The general idea of Ninja Theory’s latest game, a AAA-level title with roughly half the playtime at half the price, caught my eye. The premise of a Celtic warrior who battles psychosis won me over. I’ve enjoyed their work in the past and was ready for another high quality game which Hellblade certainly is. It has a blend of storytelling and mechanics usually reserved for much grander games with larger development teams. I hope this whole half-AAA thing catches on.
- TL;DR: High quality storytelling, unique mechanics, and detail in a smaller-than-usual package.
- Platforms: PC, PS4 (reviewed)
- Developer: Ninja Theory
- Time Played: 7:30
- What I Played: Completed the game with nine deaths, rot reached up Senua’s shoulder
Hellblade stars the titular Senua, a warrior on a quest to redeem her lover’s soul. You learn quickly that while Dillian is dead you don’t know how or why. You do know that Senua carries his head in a cloth bag and believes the only way to save him is to venture into Helheim and take it back from Hela herself.
The primary thing that sets Hellblade apart is the fact that Senua is battling psychosis. She has a darkness inside of her that manifests in many ways, the voices in her head being chief among them. There are about a half dozen different voices that will talk to each other, to Senua, to no one in particular, and even to you directly. The game suggests you play with headphones, which I did, to experience the 3D binaural sound. Every time I put on my headphones it was like I was being transported directly into Senua’s head. The voices, which really do sound like they are all around you, will tell you where to go, make fun of you for being lost, tell you to turn around if you’re in danger, laugh at you for being hurt, implore you to run away, and more. Senua will talk back to the voices from time to time, telling them that she isn’t lost or that she doesn’t want to do this anymore. I caught myself answering their questions both in my head and out loud a few times. It’s a wild experience.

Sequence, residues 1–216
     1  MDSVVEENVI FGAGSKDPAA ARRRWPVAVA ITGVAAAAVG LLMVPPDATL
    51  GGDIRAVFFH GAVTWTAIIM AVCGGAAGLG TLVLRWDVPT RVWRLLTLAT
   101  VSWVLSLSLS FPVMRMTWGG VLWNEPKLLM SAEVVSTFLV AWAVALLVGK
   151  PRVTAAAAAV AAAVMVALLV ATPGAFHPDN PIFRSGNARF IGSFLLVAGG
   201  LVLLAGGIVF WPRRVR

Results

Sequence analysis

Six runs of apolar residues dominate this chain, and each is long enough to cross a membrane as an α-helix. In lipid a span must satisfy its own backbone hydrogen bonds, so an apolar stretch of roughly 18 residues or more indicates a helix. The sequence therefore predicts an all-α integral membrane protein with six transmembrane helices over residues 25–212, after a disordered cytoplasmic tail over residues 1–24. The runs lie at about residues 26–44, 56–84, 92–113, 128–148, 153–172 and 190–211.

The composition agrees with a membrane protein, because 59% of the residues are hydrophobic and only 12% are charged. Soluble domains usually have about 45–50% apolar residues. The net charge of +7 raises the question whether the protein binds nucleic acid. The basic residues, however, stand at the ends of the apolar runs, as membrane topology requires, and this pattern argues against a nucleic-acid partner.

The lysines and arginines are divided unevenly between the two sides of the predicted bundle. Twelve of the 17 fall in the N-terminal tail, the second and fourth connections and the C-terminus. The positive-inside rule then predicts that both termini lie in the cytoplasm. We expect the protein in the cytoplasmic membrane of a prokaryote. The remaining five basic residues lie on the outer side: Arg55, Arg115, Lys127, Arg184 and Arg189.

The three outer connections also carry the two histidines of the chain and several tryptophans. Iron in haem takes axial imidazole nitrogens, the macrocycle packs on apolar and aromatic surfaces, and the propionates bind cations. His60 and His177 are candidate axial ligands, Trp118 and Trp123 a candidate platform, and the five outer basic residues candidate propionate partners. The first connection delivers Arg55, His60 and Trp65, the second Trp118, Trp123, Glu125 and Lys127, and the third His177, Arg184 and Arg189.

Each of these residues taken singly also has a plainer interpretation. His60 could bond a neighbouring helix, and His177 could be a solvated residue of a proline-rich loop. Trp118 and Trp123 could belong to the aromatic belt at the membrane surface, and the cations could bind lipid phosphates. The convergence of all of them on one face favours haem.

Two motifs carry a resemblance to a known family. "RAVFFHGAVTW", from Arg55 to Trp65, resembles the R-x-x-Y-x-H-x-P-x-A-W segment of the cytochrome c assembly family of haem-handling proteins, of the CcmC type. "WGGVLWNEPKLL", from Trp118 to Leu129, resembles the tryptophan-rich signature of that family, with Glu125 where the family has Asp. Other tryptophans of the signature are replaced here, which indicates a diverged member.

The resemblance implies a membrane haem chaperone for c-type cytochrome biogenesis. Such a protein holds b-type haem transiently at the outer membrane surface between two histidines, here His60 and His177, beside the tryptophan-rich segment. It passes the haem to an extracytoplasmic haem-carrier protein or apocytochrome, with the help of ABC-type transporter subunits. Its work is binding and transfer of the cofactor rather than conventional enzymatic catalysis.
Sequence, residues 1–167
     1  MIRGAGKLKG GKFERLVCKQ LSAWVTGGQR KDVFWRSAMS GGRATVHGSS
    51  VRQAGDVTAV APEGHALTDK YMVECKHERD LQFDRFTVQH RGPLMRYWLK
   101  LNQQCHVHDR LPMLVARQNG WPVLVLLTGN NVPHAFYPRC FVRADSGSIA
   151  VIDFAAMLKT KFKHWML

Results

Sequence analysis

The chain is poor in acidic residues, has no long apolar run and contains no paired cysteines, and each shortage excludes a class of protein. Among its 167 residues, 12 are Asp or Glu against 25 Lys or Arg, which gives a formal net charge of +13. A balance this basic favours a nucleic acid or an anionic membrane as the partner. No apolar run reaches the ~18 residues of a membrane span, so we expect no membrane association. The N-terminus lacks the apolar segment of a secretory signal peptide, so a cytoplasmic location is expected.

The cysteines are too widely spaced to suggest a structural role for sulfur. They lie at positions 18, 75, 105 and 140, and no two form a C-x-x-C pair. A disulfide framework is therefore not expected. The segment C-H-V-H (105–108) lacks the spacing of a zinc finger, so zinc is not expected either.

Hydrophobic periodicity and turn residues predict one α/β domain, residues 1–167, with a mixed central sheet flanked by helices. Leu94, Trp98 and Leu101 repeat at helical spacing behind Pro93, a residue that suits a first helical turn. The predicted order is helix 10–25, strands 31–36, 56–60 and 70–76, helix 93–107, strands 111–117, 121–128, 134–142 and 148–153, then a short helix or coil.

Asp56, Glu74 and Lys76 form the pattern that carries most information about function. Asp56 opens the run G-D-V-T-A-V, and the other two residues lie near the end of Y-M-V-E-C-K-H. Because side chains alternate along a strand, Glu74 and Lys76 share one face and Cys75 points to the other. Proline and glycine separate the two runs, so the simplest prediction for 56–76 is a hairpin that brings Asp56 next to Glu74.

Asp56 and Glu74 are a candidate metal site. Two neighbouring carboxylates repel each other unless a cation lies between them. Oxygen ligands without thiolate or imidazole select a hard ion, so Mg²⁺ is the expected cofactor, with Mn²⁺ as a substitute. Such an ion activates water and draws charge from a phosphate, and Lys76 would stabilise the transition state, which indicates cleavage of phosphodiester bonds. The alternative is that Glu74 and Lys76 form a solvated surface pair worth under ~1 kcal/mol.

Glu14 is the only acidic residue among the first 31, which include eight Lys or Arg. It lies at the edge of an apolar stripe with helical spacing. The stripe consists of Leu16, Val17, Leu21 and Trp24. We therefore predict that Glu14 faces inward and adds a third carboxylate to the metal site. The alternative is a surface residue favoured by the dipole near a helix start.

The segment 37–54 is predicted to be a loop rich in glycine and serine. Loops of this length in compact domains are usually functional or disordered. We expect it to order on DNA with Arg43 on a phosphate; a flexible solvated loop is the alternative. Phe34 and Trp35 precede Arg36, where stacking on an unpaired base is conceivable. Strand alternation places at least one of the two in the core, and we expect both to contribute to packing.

Senua’s voices are your primary guide in the world as there aren’t any traditional in-game assistance tools: no HUD, minimap, arrow, glowing line, or objective markers. “Go in there”, “she has to go in that way” they’ll say. “Look for the light” the voices may remind you. Exploring the world in Hellblade means you have to be in Senua’s head and listen to the voices. Much of the light puzzle solving involves lining up the camera to match runes locking a door to their environmental patterns. The puzzles aren’t terribly difficult especially considering each area is fairly small.
When you’re not exploring hell and its suburbs, you’ll be fighting back enemies with your sword. Combat isn’t a largely fleshed out system in Hellblade as you can light attack, heavy attack, block, dodge, and guard break. Various combos can be strung together but there is no experience to gain or skills to unlock aside from a time slowing ability given to you fairly early. The lack of screen clutter continues during combat as there are no health bars or damage numbers. Enemies will instead double over in pain when they are close to death which is when the voices like to tell you to pounce and finish them off. The voices are instrumental in surviving combat by telling you when an enemy is about to attack from behind and reminding you to dodge. It may not be the most intricate system, but fight sequences in Hellblade function as a welcome break from the horrors that surround Senua at all other times.